Wednesday, November 14, 2012

Church and Modeling

Before this entry, there are 25 posts on this blog.  My stats show that of those 25 posts, one receives a much higher "hit" count than all the others.  In fact, the hits on "A Christian Model" outnumber the hits on the 24 other posts combined.  Why is that?  When I look at the search keywords used to send people to my blog and that particular blog post, I see such things as:  "naked crucifixion," "crucified naked," "public nude crucifixion," etc.  While I will never know if the majority of people making these searches are doing so in a desire to learn more about Jesus Christ or merely a (somewhat disturbing) fascination with torture and execution, I hope that all visitors find something enlightening in what I wrote back in February.

I was recently scheduled to model for a drop-in session at Oil and Cotton, a relatively new artist venture.  In an attempt to boost their attendance (because better attended figure drawing sessions tend to spark even more figure drawing sessions which means more work for us models), I invited a few people on my Facebook list. I invited only those whom I knew to be serious artists. Many of those had drawn me before. Of the ones who had never drawn me, one was a lady from my church. She has a degree in art and recently started her own art school for children. Her response was: " lol I would totally go but I cannot go if you are modeling. Im not squeamish but I just can't see my friend or my friends husband nekkid lol." I told her that I was a professional and that it wouldn't bother me, but she replied: " haha i'm sure its not but it would be weird for me. I would consider going though because I really love figure drawing. It is challenging and beautiful and every time I do it it turns out differently. love that." Seeing that she loves figure drawing, I made one last attempt to get her to go, but I got this rather emphatic reply: "Maybe I was a little unclear. I mean this in the nicest way possible. It would be somewhat offensive to see my friend, my husbands friend nude. I have not figure drawn since college days!"  She wound up not going, of course.  I continue to be disappointed with the church's view on simple nudity and on my part-time job.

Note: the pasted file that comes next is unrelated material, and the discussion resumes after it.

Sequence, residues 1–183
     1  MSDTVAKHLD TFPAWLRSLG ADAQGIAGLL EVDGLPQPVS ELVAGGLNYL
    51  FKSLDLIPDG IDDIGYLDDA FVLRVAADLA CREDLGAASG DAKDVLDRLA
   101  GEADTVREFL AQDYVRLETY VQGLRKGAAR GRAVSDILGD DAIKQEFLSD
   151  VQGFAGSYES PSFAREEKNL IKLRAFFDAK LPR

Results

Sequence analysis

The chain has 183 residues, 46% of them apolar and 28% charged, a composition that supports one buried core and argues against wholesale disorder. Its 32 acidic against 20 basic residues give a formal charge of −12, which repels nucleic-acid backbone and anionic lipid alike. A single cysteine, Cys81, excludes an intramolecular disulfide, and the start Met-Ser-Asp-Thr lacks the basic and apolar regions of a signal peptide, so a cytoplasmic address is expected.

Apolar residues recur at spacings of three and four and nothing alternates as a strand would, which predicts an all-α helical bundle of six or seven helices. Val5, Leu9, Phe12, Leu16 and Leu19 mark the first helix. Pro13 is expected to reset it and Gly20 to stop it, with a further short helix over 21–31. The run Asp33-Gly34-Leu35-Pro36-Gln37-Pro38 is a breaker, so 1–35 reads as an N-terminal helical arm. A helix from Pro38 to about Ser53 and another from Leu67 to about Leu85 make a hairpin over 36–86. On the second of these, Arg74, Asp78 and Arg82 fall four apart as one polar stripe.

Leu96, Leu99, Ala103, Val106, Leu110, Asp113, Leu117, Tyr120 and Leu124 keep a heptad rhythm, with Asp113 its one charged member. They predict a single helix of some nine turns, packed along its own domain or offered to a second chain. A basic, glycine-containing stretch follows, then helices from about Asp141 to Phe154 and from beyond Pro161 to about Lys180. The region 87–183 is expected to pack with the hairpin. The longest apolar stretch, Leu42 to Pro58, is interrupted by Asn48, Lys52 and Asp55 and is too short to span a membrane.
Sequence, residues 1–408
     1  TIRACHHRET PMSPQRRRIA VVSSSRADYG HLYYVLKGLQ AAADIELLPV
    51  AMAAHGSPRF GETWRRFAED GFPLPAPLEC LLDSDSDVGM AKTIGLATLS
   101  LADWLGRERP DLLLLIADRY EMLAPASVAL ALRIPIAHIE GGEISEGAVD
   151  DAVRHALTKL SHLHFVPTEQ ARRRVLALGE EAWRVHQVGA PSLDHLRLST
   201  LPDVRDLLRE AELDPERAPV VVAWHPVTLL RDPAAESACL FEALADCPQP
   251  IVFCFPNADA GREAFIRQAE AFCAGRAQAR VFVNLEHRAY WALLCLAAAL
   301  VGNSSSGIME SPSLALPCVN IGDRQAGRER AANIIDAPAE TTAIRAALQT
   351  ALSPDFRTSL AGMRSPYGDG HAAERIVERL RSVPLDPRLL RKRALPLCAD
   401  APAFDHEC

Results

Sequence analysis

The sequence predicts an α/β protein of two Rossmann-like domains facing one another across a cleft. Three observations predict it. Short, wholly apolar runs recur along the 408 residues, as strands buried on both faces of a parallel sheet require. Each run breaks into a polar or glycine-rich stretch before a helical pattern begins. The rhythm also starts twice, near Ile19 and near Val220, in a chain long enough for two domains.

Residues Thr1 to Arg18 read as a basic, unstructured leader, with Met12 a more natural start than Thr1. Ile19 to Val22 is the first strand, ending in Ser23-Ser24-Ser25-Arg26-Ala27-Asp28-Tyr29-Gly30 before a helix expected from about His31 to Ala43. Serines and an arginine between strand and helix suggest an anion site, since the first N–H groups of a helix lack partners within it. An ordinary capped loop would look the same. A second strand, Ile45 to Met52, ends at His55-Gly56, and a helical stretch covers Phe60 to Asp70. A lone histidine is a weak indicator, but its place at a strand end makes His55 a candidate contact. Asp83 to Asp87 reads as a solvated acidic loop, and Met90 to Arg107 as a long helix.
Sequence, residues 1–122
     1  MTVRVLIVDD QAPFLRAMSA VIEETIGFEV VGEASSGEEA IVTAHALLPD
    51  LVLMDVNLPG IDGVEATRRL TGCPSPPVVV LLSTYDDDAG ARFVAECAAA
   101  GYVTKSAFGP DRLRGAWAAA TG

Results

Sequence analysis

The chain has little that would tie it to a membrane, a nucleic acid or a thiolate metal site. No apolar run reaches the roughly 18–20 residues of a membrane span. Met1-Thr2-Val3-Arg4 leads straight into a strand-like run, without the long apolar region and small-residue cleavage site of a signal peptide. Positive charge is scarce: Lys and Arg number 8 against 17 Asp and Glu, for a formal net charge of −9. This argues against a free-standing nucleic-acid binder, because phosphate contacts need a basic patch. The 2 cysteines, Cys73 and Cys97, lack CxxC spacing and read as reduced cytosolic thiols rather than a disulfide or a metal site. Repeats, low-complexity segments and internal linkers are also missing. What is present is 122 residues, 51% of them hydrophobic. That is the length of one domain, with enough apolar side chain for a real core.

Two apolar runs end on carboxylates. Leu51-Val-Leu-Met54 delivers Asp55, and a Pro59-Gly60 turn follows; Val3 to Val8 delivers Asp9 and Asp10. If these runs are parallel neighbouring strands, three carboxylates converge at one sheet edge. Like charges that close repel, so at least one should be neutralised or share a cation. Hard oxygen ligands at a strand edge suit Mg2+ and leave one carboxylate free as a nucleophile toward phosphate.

Keeping with that theme, I did recently add a new blog to the roll at the right side of the page.  My Chains Are Gone is a website designed by Christian ministers to help those struggling with an addiction to pornography.  I highly recommend reading the articles to everyone, but especially to those who view life drawing of the nude and Christianity as somehow incompatible.  The articles explain very eloquently and with scriptural references that they are not.  I plan on "liking" and commenting on posts on the My Chains Are Gone Facebook page in the hopes that some of my friends from church will see it.  Maybe some of them will even begin taking a view that seeing nudity, even the nudity of our fellow church members, is not "somewhat offensive."

3 comments:

  1. I really appreciate the unique insights and honest observations you provide on your life modeling blog.

    As a fellow Christian life model, I'd like to get your perspective on living in conservative Christian circles while being a life model.

    Like you, I am a regular member of a conservative Christian denomination. I have also taken up life modeling and have also set up a web site about life modeling (ArtModelTips.com). And like you, I have young teenage children.